There has been no significant progress in Malta’s ranking in Transparency International’s annual Corruption Perceptions Index (CPI) published today, with the country moving up just one place from 53 to 54 out of a total score of 100.
Malta’s score coincides with the overall assessment of this year’s report that reveals how corruption levels have stagnated worldwide and that despite commitments on paper, 131 countries have made no significant progress against corruption over the last decade.
The index ranks 180 countries and territories by their perceived levels of public sector corruption according to 13 expert assessments. On the scale, 100 is very clean and 0 is highly corrupt. Malta was a significant decliner on the index, dropping seven points since 2015 and hitting an all-time low in 2020.
Best and worst scores in Western Europe and the European Union
The latest report describes how, in Western Europe and the European Union, 84% of countries have declined or made little to no progress in the last 10 years.
Denmark (88) and Finland (88) top the region (and the world alongside New Zealand), with Norway (85) and Sweden (85) rounding out the top, while Romania (45), Hungary (43) and Bulgaria (42) remain the worst performers in the region.
This year, Switzerland (84), Netherlands (82), Belgium (73), Slovenia (57), Poland (56), Cyprus (53), and Hungary (43) are all at historic lows on the index.
Over the last 10 years, 26 countries in the region have either declined or made little to no significant progress. Since 2012, Luxembourg (81), Poland (56), Cyprus (53) and Hungary (43) have significantly declined on the CPI, while Austria (74), Estonia (74), Latvia (59), Italy (56) and Greece (49) have all improved their scores.
Malta’s minimal move
Commenting on Malta’s latest standing in the index, the Daphne Caruana Galizia Foundation, which is Transparency International’s official contact point for Malta, told The Shift: “Malta scored 54 on the 2021 CPI, which is a marginal shift from the previous year’s index. However, celebration is premature. Malta is not among the bottom scorers, but we’re not among the top-scoring States in the EU, or even globally. A change in 1 or 2 points in the score often happens from year to year and can be due to a change in a single data source (the CPI uses 13 different data sources).”
The Foundation pointed out that “it’s large changes that last for two consecutive years or more that reliably indicate an improving situation. In a context that is known to be corrupt, a score that remains the same or shifts only minimally indicates that not enough is being done to stamp out corruption. We need to remember that Malta remains on FATF’s grey list, and we have yet to see anyone prosecuted for high level corruption.”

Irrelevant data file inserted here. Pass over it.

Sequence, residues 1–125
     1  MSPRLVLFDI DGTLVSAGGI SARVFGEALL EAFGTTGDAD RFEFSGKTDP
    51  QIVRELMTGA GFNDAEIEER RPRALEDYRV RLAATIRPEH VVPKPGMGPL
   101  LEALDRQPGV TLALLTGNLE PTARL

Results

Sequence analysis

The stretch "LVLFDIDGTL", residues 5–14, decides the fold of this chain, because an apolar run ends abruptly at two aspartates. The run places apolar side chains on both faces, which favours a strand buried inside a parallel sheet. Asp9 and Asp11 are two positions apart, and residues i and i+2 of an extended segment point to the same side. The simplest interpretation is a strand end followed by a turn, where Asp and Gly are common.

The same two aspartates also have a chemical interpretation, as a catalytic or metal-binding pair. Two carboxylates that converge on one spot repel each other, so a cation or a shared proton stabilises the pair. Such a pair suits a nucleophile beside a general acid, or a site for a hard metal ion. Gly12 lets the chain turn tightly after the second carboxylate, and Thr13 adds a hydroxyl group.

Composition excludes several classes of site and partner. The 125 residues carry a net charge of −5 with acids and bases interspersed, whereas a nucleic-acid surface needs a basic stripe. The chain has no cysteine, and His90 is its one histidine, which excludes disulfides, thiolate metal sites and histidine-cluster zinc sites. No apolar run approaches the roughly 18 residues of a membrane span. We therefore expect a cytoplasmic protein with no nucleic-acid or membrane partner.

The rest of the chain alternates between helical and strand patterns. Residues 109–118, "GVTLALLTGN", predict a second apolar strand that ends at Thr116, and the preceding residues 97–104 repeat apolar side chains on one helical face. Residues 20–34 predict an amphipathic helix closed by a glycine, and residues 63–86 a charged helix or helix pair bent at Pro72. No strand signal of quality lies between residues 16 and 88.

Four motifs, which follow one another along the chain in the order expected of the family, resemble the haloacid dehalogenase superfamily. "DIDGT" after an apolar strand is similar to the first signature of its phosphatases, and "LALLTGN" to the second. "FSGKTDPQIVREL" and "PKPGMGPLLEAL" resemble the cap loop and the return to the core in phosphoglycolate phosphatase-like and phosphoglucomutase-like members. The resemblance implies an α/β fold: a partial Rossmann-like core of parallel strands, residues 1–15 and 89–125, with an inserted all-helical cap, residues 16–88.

The COVID-19 pandemic and the Pandora Papers
Transparency International reports how, across Europe, governments are using the COVID-19 pandemic to expand executive powers, skip accountability measures and, in some cases, curtail fundamental rights.
Countries like Poland and Hungary continue to backslide, with harsh crackdowns on rights, freedom of expression and threats to independent media. Furthermore, even high-scoring countries like Germany (80), the United Kingdom (78) and Austria (74) have recently faced serious corruption scandals.
The latest Pandora Papers investigations also demonstrated how human rights abusers and other corrupt actors utilise weak systems in supposedly clean democracies to move wealth and further fund corruption and human rights abuses abroad.
The report notes how even in some of the highest-ranking countries globally – including Denmark, Sweden, Switzerland and the Netherlands – “banks operate with impunity as EU Member States drag their feet in implementing anti-money laundering legislation”.
Flora Cresswell, Western Europe regional coordinator of Transparency International said: “Stagnation spells trouble across Europe. Even the region’s best performers are falling prey to major scandals, revealing the danger of inaction. Others have allowed corruption to fester and are now seeing serious violations of freedoms. Nor does the region exist in a vacuum: lack of national enforcement in Europe means corruption is exported globally as foreign actors utilise weak laws to hide money and fund corruption back home.”
Corruption and human rights abuses
Transparency International’s report also established that those countries that violate civil liberties consistently score lower on the CPI.
Of the 23 countries where CPI scores significantly declined since 2012, 19 also declined on the civil liberties score. Additionally, out of the 331 recorded cases of murdered human rights defenders in 2020, 98% occurred in countries that have a CPI score below 45.
Addressing this link between corruption and human rights abuses, the Daphne Caruana Galizia Foundation said: “Unchecked corruption is a vicious circle. It enables abuses of human rights and democratic decline, which, in turn, lead to higher levels of corruption. This undermines a State’s ability to respect, protect, and fulfil its obligations to protect rights: freedom of expression, freedom of association, access to justice and the right to participate in public affairs”.
The Foundation stressed that the erosion of rights undermines the fight against corruption. “Pressure on the right to free speech, free assembly, free participation, and so on – whether this impacts activism, journalism or other ‘public watchdog’ functions – limits the ability of groups to demand accountability and clears the way for abuse of power. Typically, abusers are able to loot a country’s wealth, reward cronies and evade accountability.”
Restricting free expression, association, and assembly are popular tactics to weaken societal checks on corruption, which perpetuates corrupt networks and practices, the Foundation added.
Transparency International’s latest report can be found here.